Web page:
Submitted to: Genetic Resources and Crop Evolution
Publication Type: Peer reviewed journal
Publication Acceptance Date: 6/29/2001
Publication Date: 1/1/2002
Citation: Johnson, R.C., Johnston, W.J., Golob, C.T., Nelson, M.C., Soreng, R.J. 2002. Characterization of the usda poa pratensis collection using rapd markers and agronomic descriptors. Genetic Resources and Crop Evolution. 49:349-361. Interpretive Summary: Characterization of germplasm collections is critical to assess collection diversity and enhance utilization. This paper reports work in which the USDA Kentucky bluegrass collection was characterized for both molecular variation at the DNA level as well as agronomic variation. The results showed that both the molecular and agronomic characterizations were useful in determining overall diversity in the Kentucky bluegrass collection. The molecular technique was, however, better at determining misidentified accessions. Both approaches showed that not two accessions in the collection were duplicates but highly diverse material was generally under represented. The correlation between the molecular and agronomic-based techniques was significant but both molecular and agronomic characterizations were needed to assess overall diversity.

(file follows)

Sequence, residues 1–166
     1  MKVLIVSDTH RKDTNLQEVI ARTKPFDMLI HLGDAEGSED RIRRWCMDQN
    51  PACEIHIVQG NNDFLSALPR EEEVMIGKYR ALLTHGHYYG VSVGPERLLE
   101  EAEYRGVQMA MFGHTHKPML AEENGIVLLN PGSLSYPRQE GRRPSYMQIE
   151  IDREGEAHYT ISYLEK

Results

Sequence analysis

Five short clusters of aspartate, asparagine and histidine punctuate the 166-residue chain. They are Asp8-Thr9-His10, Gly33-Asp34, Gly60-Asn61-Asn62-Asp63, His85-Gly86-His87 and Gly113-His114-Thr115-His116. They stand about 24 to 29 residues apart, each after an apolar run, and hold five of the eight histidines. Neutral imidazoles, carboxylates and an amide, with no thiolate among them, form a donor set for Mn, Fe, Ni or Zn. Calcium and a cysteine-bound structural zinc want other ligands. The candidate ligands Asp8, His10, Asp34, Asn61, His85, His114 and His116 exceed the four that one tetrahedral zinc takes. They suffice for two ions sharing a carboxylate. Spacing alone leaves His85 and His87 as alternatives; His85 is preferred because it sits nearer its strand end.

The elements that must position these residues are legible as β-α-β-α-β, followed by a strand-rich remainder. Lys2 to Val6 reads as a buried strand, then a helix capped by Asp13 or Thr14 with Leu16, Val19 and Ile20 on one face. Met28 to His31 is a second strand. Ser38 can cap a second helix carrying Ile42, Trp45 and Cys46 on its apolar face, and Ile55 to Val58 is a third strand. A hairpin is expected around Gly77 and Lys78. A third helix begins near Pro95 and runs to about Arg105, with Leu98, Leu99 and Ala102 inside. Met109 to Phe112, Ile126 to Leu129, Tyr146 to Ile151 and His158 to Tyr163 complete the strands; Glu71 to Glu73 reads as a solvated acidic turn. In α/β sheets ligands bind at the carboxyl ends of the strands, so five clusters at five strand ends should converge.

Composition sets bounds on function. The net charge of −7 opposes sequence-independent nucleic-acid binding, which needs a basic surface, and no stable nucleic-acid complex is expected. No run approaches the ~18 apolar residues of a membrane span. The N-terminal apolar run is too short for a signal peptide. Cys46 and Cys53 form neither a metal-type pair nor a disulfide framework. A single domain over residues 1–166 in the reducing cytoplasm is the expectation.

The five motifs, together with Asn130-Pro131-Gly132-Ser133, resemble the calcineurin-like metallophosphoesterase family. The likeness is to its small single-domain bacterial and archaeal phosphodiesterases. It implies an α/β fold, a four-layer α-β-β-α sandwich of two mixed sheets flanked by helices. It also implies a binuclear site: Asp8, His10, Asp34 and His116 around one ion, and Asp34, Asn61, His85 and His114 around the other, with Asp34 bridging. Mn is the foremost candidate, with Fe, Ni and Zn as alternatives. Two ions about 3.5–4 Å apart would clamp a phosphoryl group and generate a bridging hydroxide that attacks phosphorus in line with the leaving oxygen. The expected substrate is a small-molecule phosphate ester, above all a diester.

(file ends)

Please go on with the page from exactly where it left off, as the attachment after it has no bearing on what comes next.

Technical Abstract: Characterization of germplasm collections is critical to assess collection diversity and enhance utilization. A Poa pratensis L. germplasm collection of 228 accessions representing 26 countries, along with 17 commercial check cultivars, was characterized using 86 random amplified polymorphic DNA (RAPD) markers and 17 agronomic descriptors. The Dice similarity coefficient used for RAPD data ranged from 0.56 to 0.95 and average Euclidean distance used for agronomic data ranged from 0.28 to 2.52. No two accessions had a similarity of one or a distance of zero, showing there were no duplicate entries. Cluster analysis of RAPD data using the unweighted pair-group method using arithmetic average (UPGMA) revealed 11 accessions with particularly low similarity values. These were subsequently found to be misidentified Poa species (one each of P. aplina, P. compressa P. glauca, P. urssulensis, and seven P. trivialis). For RAPD data, 62% of the entries were in one large cluster with 46 additional clusters containing one to 13 accessions. For agronomic data, 89% of the entries were in four main clusters. This clustering pattern for RAPD and agronomic data suggested unique genotypes were generally under represented in the collection. The agronomic-based clusters showed some broad separation by accession origin, but in general, origin did not correspond closely with the clustering pattern. The correlation between the RAPD and agronomic- based distance matrices, excluding misidentified accessions, was highly significant (P<0.01) (n=234, r=-0.14). However, the correlation represented a relatively small fraction of the total variation, indicating that both molecular and agronomic characterizations were needed to assess overall diversity.